Reporters keep the public informed, and we all know that a well-informed public is necessary to bring about any semblance of justice. Besides, reporters keep public officials and others ‘honest’ by digging out the facts behind their claims and exposing them when they don’t tell the truth or when they engage in questionable practices. Therefore, I think that the courts are grossly unfair to newspaper reporters when they force them to go to prison just because they won’t reveal the sources of their information.
“ Missing the point” is actually another general name for fallacies of relevance.
We will see particular fallacies of relevance below. In the following and in the exam, we will apply the phrase “missing the point” to fallacies of relevance that do not fall under any one of the more specific kinds discussed below.
Ad Hominem abusive – arguments against someone’s character or ability.
Ad Hominem circumstantial – arguments against someone on the basis of their circumstances, e.g., job, political affiliation, religion, nationality, or associates (unpopular family, friend, ally etc.).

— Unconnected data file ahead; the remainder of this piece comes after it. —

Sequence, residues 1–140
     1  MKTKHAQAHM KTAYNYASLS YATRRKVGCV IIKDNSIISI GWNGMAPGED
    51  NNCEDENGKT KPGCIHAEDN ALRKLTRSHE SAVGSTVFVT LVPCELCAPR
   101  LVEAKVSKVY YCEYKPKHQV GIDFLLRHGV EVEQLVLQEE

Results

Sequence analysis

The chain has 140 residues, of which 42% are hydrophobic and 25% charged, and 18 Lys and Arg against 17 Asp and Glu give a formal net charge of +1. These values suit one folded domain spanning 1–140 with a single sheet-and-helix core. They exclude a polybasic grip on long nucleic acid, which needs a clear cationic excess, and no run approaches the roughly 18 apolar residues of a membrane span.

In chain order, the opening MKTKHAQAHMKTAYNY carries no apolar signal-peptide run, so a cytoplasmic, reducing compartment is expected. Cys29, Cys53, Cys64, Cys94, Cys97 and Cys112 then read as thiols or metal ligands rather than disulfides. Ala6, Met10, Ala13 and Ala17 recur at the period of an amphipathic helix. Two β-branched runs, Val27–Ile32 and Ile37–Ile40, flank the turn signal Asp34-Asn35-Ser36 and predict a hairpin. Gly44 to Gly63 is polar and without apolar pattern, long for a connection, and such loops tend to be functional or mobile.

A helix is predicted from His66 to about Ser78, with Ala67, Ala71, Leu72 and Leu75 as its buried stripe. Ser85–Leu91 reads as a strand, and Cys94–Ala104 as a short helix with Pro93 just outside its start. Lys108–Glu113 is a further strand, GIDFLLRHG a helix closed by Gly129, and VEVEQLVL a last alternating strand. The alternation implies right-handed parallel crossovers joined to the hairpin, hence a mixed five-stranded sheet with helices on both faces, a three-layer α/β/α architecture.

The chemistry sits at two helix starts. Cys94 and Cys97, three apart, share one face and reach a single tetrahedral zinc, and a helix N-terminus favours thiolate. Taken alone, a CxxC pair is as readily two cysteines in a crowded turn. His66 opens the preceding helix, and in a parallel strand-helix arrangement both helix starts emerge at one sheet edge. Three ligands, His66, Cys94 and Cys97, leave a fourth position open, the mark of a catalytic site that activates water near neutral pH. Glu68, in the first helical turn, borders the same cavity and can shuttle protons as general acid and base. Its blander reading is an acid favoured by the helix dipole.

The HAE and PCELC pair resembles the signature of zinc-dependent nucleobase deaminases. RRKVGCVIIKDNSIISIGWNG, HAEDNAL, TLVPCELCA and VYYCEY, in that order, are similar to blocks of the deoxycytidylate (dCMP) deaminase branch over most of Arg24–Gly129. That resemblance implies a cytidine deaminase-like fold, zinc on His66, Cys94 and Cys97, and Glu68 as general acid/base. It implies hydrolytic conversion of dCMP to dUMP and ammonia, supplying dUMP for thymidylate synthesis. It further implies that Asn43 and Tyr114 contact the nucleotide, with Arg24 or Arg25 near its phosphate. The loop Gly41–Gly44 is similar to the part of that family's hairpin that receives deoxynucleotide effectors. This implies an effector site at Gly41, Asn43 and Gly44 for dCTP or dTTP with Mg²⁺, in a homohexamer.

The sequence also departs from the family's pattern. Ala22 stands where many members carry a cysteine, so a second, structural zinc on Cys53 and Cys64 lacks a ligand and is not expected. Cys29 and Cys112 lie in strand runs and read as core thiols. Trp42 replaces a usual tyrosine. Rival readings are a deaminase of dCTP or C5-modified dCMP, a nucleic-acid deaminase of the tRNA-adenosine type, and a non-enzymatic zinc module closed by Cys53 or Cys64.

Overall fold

Ad Hominem tu quoque – arguments that the person arguing against a position is associated with the very position being attacked or something just as bad, i.e., accusing someone of being hypocritical . (The Latin phrase “ tu quoque ” means “you, too”.)
Prejudice as a Source of Fallacious Arguments against the Person
This fallacy is often committed when we are (correctly or incorrectly) prejudiced against the person making an argument or against the conclusion of the argument itself.
Good critical thinking requires us to put these prejudices aside in evaluating arguments.
A good argument is good whoever makes it; a bad argument is bad whoever makes it.
Mere Criticism of a Person NOT an Ad hominem Fallacy